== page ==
0.125 g/ml were interpreted as indifferent (i.e., neither syn-
ergistic nor antagonistic). According to a recent clinical report,
treatment with a combination of ITC and TRB resulted in the
successful treatment of rhinofacial C. coronatus infection, al-
though in vitro susceptibility testing of the isolate revealed
resistance to both ITC and TRB (3). Since such combination
therapy is effective in some cases, synergy studies should be
In conclusion, C. lamprauges is a new addition to the species
of Conidiobolus recognized as capable of causing vascular in-
vasion and fatal disseminated disease in humans.
Nucleotide sequence accession numbers. Sequence data
have been deposited in the GenBank database under accession
numbers HM593511 (ITS sequence) and HM593512 (D1/D2
We thank Yuko Tsubakimoto, Department of Clinical Laboratory,
Kinki University Hospital (Osaka, Japan), for isolating the fungus, and
Anna M. Romanelli, Department of Microbiology and Immunology,
University of Texas Health Science Center (San Antonio, TX), for
carrying out the sequencing studies.
B.L.W. was supported by grant PR054228 from the U.S. Army
Medical Research and Material Command, Office of Congressionally
Directed Medical Research Programs.
1. Busapakum, R., U. Youngchaiyud, S. Sriumpai, G. Segretain, and H. Fro-
mentin. 1983. Disseminated infection with Conidiobolus incongruus. Sab-
ouraudia 21:323–330.
2. Clinical and Laboratory Standards Institute. 2008. Reference method for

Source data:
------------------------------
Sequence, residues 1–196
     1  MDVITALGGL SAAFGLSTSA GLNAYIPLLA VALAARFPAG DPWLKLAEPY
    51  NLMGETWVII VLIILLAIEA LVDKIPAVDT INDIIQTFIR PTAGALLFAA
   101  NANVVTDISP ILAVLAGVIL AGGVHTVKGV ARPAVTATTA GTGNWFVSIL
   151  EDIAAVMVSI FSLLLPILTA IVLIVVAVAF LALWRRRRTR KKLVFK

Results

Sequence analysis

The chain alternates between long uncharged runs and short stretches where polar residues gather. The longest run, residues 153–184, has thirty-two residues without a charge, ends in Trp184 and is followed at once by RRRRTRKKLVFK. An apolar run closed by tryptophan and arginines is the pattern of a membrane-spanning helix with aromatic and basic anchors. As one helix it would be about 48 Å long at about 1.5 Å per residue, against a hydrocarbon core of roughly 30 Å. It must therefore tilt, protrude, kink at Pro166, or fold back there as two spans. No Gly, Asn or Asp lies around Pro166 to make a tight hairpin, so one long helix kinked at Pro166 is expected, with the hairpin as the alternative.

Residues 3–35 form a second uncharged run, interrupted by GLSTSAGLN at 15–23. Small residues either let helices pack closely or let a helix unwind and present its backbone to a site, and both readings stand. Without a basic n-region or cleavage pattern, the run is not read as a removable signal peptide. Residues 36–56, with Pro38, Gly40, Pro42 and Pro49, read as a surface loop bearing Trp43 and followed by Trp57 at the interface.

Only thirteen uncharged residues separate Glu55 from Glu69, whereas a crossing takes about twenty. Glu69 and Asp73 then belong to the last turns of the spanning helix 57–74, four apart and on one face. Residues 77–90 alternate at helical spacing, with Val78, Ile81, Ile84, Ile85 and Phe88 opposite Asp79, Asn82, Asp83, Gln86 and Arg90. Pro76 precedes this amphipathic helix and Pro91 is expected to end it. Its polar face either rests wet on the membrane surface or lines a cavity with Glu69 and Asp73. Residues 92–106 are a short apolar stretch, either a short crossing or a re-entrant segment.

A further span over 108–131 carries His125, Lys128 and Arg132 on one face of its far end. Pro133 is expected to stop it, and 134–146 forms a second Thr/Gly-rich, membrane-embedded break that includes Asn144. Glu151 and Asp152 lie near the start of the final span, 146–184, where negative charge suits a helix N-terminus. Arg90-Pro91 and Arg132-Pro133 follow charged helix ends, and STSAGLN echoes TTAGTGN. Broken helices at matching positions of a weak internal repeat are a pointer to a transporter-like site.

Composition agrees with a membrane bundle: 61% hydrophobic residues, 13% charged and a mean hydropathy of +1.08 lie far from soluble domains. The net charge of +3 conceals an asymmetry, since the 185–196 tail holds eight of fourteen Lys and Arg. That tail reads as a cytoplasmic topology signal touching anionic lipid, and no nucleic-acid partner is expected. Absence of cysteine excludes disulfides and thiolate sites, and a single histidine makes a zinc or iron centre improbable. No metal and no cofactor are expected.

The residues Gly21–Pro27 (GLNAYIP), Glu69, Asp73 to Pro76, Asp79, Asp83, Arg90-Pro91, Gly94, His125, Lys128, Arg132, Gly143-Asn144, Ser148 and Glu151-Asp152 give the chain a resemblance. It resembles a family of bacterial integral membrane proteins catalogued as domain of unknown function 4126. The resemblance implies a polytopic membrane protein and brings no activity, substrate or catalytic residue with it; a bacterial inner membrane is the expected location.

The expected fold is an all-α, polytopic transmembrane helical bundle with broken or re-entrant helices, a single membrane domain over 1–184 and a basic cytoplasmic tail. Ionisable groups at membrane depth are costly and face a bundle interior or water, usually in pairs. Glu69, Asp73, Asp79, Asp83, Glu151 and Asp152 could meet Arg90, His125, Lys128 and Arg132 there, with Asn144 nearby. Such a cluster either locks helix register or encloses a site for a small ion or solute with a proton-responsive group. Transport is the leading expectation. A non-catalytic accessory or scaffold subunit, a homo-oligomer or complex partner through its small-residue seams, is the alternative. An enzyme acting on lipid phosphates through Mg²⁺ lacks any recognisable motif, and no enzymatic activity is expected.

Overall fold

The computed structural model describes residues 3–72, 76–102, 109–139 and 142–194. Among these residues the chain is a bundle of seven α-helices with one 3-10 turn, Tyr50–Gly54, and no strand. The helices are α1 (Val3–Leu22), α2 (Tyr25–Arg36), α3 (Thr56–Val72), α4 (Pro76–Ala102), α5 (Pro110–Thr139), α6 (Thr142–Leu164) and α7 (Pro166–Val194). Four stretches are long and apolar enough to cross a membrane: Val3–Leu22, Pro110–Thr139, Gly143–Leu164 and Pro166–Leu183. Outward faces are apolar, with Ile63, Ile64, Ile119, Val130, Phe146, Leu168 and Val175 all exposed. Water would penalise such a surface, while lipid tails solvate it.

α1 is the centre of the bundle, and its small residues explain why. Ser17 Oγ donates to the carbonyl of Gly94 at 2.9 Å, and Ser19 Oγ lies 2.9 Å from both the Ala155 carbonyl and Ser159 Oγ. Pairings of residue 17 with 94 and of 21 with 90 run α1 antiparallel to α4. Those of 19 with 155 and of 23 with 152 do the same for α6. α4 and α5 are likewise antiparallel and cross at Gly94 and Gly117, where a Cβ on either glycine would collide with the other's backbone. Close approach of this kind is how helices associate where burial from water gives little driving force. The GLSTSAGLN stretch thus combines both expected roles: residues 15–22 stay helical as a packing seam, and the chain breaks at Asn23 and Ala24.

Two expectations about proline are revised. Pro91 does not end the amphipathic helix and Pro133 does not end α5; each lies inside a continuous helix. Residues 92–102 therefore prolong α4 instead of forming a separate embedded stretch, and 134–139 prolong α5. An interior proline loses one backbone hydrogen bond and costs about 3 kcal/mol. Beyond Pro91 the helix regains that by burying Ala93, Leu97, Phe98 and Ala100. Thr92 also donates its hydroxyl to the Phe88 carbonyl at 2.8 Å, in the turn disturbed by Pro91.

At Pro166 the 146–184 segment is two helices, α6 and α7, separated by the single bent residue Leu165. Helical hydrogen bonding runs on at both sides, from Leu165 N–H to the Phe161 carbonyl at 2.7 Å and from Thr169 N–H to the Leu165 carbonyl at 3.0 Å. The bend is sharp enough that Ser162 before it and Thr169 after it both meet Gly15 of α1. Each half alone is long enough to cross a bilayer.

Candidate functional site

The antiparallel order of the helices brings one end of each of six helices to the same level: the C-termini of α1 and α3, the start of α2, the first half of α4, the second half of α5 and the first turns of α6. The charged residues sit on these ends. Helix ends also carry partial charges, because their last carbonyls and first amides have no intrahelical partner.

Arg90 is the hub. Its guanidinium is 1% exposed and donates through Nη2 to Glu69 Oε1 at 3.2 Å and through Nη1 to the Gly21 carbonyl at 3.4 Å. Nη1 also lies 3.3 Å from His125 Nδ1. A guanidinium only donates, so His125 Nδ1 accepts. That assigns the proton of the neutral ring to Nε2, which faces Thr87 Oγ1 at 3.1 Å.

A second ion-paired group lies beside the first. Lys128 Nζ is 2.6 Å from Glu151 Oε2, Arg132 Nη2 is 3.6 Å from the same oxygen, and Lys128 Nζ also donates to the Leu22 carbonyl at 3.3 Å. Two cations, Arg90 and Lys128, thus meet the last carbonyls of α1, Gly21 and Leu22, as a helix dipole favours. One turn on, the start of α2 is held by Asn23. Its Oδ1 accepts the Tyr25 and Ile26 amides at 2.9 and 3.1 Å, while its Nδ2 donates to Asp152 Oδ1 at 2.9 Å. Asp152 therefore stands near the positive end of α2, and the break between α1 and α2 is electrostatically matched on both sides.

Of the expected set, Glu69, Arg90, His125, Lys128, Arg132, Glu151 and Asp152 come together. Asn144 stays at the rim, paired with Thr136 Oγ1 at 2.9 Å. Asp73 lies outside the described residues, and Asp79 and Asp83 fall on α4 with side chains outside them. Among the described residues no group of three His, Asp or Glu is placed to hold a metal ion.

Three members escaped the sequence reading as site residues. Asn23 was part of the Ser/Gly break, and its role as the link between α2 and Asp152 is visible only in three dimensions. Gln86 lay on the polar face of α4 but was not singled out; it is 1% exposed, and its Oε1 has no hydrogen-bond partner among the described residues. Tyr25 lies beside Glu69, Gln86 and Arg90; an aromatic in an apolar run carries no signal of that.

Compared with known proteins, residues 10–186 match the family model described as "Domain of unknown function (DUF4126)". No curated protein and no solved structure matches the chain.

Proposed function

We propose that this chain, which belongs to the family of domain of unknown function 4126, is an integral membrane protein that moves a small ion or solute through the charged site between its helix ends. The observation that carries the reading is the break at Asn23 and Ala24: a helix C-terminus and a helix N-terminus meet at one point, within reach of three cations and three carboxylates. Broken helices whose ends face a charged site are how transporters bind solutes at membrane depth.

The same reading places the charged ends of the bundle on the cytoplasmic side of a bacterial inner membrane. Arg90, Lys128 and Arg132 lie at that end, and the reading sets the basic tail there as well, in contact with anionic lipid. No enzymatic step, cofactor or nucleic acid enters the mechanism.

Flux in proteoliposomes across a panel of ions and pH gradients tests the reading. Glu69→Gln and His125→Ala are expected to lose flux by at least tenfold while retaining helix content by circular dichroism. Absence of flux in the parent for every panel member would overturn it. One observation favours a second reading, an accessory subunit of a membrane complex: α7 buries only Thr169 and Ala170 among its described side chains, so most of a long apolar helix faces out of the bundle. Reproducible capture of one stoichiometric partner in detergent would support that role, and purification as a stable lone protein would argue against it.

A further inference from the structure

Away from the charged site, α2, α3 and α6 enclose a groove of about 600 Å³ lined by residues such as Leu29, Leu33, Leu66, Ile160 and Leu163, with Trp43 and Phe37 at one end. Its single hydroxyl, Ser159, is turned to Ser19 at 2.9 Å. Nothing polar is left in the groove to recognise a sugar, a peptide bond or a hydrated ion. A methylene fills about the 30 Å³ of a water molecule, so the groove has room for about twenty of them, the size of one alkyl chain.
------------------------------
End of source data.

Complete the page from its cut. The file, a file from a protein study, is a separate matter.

broth dilution antifungal susceptibility testing of filamentous fungi; approved
standard, 2nd ed., M38-A2. Clinical and Laboratory Standards Institute,
Wayne, PA.
3. Fischer, N., C. Ruef, C. Ebnother, and E. B. Bachli. 2008. Rhinofacial
Conidiobolus coronatus infection presenting with nasal enlargement. Infec-
tion 36:594–596.
4. Guarro, J., C. Aguilar, and I. Pujol. 1999. In-vitro antifungal susceptibilities
of Basidiobolus and Conidiobolus spp. strains. J. Antimicrob. Chemother.
5. Humber, R. A., C. C. Brown, and R. W. Kornegay. 1989. Equine zygomycosis
caused by Conidiobolus lamprauges. J. Clin. Microbiol. 27:573–576.
6. Jaffey, P. B., A. K. Haque, M. el-Zaatari, L. Pasarell, and M. R. McGinnis.
1990. Disseminated Conidiobolus infection with endocarditis in a cocaine
abuser. Arch. Pathol. Lab. Med. 114:1276–1278.
7. Kwon-Chung, K. J., and J. E. Bennett. 1992. Entomophthoramycosis, p.
447–463. In K. J. Kwon-Chung and J. E. Bennet (ed.), Medical mycology.
Lea & Febiger, Philadelphia, PA.
8. Miyazaki, T., et al. 1995. Plasma (133)-beta-
D-glucan and fungal antigen-
emia in patients with candidemia, aspergillosis, and cryptococcosis. J. Clin.
Microbiol. 33:3115–3118.
9. Ostrosky-Zeichner, L., et al. 2005. Multicenter clinical evaluation of the
(133) beta-
D-glucan assay as an aid to diagnosis of fungal infections in
humans. Clin. Infect. Dis. 41:654–659.
10. Pazos, C., J. Ponton, and A. Del Palacio. 2005. Contribution of (133)-beta-